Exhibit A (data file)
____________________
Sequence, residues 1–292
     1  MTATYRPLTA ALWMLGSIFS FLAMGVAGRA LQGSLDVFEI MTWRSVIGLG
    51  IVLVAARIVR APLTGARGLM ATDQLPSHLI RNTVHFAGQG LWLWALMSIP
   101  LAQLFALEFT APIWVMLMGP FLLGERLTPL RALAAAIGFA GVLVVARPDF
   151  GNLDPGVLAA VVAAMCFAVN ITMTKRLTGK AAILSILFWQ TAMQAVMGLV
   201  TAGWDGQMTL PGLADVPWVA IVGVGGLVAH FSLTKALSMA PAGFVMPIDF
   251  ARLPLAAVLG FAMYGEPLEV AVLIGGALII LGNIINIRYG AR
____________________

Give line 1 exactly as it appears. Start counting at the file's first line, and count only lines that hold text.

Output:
Sequence, residues 1–292